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Nigerian Journal of Surgical Research

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Uterine leiomyomata: a five year clinicopathological review in Zaria, Nigeria

A Mohammed, SM Shehu, SA Ahmed, AA Mayun, IU Tiffin, G Alkali, AL Abubakar

Abstract


Background: Uterine Leiomyomata (uterine fibroids) are common gynaecologic conditions affecting mainly women in the reproductive age group. Fibroids are associated with many other distressing gynaecologic conditions like menorrhagia, infertility, lower abdominal swelling and discomfort.

Methods: This is a retrospective clinicopathological analysis uterine leiomyomata a five-year period (1996 – 2000). The information required was retrieved from histology bench books and request cards.

Results: 209 cases were analysed, 62.7% from myomectomy 37.3% following hysterectomy. Younger patients opted for myomectomy possibly in other to allow them complete their family sizes. Uterine fibroids were commoner in the third to fourth decade of life.The nulliparous women to had a higher incidence of uterine fibroid (60.6%) in 71 cases analysed whose parity were known. Lower abdominal swelling is the commonest presenting complaint (48.8%), followed by menorrhagia and infertility accounting for 35.4% and 30.6% respectively. Hyaline degeneration was the commonest degenerative change observed (57.9%). Three cases (1.4%) had necrosis. Nineteen cases were observed to be associated with other co-existing lesions, of which 52.6% occur with fibroid polyps. Adenomyosis accounted for 36.8% and one case each of metastatic carcinoma and interligamentary fibroids. Adequate clinical information and brief surgical procedure on request cards were lacking in most cases.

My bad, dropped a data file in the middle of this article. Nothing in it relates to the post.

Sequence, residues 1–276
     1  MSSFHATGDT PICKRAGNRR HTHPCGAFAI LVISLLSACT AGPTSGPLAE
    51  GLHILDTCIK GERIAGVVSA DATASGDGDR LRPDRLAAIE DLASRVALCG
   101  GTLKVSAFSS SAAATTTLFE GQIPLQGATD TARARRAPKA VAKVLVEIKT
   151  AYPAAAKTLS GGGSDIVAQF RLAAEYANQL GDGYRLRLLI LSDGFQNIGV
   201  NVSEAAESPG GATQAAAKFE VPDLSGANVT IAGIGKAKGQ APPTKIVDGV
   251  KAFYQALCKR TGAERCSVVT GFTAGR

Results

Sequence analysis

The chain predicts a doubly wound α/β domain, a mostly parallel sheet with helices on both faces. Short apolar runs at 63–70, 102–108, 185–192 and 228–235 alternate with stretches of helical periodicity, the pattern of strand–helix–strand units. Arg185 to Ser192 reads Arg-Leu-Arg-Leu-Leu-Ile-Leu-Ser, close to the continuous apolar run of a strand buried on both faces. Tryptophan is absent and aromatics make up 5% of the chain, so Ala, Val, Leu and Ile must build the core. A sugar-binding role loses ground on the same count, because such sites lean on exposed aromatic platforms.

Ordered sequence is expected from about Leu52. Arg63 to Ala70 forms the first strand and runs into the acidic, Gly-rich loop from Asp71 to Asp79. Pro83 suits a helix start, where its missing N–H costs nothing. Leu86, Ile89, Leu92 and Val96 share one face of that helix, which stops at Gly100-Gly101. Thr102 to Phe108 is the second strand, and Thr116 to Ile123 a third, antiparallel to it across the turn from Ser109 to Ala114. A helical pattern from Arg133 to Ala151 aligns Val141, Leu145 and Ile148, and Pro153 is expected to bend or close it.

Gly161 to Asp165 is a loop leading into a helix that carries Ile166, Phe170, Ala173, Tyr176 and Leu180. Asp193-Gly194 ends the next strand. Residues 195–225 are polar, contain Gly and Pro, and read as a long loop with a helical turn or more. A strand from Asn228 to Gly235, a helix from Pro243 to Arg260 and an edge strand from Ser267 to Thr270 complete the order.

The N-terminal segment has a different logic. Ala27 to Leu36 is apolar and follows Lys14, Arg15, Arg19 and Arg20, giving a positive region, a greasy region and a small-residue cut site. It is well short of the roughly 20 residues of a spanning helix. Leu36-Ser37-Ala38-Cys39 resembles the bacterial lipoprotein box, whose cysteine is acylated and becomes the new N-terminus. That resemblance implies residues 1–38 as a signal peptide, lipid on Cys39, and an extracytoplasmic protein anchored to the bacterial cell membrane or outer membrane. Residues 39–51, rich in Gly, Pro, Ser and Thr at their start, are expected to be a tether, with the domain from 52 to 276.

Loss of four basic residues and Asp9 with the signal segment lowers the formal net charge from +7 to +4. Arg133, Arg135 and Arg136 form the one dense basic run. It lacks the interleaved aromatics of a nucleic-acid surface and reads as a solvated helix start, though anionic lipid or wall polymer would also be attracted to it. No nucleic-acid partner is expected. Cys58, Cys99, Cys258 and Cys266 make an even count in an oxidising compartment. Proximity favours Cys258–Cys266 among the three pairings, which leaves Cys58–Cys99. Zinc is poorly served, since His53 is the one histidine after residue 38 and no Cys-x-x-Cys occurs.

Conclusion: Uterine fibroids are common conditions affecting women in their reproductive age group, which corresponds with economically viable age group. This condition is associated with significant morbity and attention needs to be focused on it.

Keywords: uterine fibroids, parity, gynaecologic

Nigerian Journal of Surgical Research Vol. 7(1&2) 2005: 206-208



http://dx.doi.org/10.4314/njsr.v7i1.12281
AJOL African Journals Online